Engineering and construction company Punj Lloyd Ltd is eyeing a big push in picking up defence contracts, including two orders from the Indian Army having a total value of around $1 billion (Rs4,000 crore), as the company pursues the so-called offset contracts arising from sale of armaments by foreign vendors.
In addition, the company is planning to leverage its stake in Pipavav Shipyard Ltd to do fabrication of frigates and refurbishing of the Indian Navy’s aircraft carrier, which the company claims will generate $500 million of extra income every year.
India’s defence offset policy mandates that foreign contractors source components and systems from local vendors for at least 30% of the value of orders of more than Rs300 crore that they get from the military.
A Sea Harrier tethered to the deck of INS Viraat. Punj Lloyd is looking at fabricating frigates and refurbishing the Indian Navy’s carrier in its pursuit of offset contracts in the defence sector
“We have a 25.1% stake in the shipyard. Apart from using it for manufacturing platforms, single buoy moorings, rigs and jackets, we will also use it for the fabrication of the Indian Navy’s frigates and refurbishing its carrier. It is the only shipyard in the country for the carrier to dry dock. “We are also actively focusing on the the 140 ultralight howitzer guns order (due to the offset policy) and will also bid for the 155mm 52-calibre guns from the army,” said a company executive who didn’t want to be named.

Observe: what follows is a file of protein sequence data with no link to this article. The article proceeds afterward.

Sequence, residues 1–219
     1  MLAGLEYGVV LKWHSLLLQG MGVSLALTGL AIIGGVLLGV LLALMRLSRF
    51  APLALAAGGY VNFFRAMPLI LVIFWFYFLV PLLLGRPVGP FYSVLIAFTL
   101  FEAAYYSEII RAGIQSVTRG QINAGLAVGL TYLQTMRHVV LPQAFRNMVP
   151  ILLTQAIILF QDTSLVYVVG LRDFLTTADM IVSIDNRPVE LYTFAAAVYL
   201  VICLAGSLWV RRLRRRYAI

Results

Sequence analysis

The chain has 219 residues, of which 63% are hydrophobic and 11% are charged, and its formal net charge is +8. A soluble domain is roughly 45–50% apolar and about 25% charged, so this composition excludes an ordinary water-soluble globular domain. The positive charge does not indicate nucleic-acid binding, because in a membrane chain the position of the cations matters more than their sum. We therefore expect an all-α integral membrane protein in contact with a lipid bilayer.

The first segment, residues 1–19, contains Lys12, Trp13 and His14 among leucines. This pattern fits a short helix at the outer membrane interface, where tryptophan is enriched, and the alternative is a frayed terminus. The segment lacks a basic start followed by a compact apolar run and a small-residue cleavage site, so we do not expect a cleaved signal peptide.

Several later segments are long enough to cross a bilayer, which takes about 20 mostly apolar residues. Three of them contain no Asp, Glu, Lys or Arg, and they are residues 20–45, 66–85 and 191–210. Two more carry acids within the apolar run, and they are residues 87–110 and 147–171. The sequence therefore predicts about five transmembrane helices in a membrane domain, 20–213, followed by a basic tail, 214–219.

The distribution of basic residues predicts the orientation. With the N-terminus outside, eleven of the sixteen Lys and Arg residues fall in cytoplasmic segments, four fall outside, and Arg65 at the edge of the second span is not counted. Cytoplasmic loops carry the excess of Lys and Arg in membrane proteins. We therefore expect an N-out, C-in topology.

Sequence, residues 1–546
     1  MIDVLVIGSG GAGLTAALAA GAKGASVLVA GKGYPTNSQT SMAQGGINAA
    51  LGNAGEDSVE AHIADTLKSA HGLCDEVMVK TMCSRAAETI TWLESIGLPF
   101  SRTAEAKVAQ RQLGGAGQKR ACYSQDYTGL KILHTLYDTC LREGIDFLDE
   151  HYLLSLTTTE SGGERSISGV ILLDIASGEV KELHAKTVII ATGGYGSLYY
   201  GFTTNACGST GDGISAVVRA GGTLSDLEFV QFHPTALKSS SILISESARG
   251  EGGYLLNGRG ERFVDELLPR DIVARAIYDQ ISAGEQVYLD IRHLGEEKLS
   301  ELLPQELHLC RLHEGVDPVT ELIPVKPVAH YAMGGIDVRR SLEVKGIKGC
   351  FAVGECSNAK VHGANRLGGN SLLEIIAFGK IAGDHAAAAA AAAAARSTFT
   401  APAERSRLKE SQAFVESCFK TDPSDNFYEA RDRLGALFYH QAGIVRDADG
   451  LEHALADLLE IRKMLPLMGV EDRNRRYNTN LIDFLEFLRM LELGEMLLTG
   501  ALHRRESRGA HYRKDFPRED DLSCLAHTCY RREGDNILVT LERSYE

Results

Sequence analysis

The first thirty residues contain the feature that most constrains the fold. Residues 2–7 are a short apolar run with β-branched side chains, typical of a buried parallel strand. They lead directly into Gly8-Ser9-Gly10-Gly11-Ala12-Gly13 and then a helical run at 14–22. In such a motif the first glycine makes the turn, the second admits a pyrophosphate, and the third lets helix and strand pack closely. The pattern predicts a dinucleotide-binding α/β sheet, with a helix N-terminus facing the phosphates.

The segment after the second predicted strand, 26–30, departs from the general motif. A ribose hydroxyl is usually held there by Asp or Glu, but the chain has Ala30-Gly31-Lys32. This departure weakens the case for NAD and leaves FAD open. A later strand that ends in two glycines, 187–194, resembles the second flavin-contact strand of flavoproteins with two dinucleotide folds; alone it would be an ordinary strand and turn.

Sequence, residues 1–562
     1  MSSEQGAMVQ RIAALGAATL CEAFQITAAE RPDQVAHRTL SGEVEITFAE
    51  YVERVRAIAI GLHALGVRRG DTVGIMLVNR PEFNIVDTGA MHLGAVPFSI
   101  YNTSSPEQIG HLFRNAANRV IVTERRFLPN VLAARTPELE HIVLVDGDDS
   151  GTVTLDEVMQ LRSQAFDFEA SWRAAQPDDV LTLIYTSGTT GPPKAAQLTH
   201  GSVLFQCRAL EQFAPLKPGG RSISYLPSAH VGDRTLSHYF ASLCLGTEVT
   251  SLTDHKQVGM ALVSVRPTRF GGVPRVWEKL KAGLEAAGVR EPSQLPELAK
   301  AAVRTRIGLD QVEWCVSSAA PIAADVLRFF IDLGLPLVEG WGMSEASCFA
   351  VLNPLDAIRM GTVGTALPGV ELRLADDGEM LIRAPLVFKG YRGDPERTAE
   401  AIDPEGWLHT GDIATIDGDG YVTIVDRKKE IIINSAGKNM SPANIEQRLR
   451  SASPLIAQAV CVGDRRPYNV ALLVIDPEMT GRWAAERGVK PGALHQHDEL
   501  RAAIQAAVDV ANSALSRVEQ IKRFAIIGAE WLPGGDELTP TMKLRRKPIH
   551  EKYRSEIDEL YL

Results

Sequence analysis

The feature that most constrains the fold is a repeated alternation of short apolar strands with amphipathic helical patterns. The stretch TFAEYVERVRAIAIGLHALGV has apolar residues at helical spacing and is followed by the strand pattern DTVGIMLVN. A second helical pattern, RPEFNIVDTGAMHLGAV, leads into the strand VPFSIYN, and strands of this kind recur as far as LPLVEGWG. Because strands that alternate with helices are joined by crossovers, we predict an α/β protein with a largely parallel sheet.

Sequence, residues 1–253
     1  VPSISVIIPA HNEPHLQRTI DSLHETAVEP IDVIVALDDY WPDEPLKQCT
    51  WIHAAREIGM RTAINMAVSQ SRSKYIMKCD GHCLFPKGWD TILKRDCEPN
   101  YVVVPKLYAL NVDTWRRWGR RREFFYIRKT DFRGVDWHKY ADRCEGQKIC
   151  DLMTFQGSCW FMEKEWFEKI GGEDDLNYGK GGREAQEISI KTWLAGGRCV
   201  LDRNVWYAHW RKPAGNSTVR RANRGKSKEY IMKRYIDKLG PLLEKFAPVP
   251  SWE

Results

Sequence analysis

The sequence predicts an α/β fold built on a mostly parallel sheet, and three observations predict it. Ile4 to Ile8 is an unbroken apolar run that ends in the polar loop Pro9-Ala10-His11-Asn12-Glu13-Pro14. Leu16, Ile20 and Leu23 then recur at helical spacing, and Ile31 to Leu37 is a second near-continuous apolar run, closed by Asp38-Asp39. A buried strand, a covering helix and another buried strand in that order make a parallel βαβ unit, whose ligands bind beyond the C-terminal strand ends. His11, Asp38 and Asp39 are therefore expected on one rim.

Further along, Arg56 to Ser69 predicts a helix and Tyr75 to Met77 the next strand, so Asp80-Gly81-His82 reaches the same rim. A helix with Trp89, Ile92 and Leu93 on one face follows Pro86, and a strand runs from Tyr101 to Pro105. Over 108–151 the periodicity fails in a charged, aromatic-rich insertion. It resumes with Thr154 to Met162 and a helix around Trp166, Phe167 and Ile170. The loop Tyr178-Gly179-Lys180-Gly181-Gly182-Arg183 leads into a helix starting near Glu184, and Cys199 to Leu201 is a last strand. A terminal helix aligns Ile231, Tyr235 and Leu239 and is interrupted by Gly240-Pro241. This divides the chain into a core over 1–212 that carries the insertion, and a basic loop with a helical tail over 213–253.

Punj Lloyd is scouting for an overseas partner to manufacture the guns in India.
The company has invested Rs403 crore for acquiring the stake in Pipavav Shipyard and recently received an industrial licence to manufacture guns, rockets, missile artillery systems and related defence equipment.
Said defence ministry spokesman Sitanshu Kar: “We have (offset) provision for any defence contract of Rs300 crore and above. In some cases, this is also as high as 50%. The private sector will have to play a larger role as the public sector will not be able to absorb this quantity of orders.”
Industry analysts say with the defence sector placing orders worth $120 billion in the next 10 to 15 years, the private sector will have a greater role to play in the business.
Other private sector companies in the defence sector include Larsen and Toubro Ltd, Tata group and Mahindra and Mahindra among others who have secured licences from the government to produce defence equipment.
Bhashyam Kasturi, executive editor, Agni Journal of Forum for Strategic and Security Studies, and strategic affairs analyst said, “The private sector companies such as Punj Lloyd are chasing huge orders because of the new defence offset policy. Even the foreign companies are looking for an Indian partner. The howitzer guns arefor the new mountain divisions and the order for the 155mm 52-calibre guns is long due.”
Punj Lloyd posted a net profit of Rs61.5 crore in 2006-07 and has a present order book position of $5 billion. The company is yet toannounce its results for 2007-08.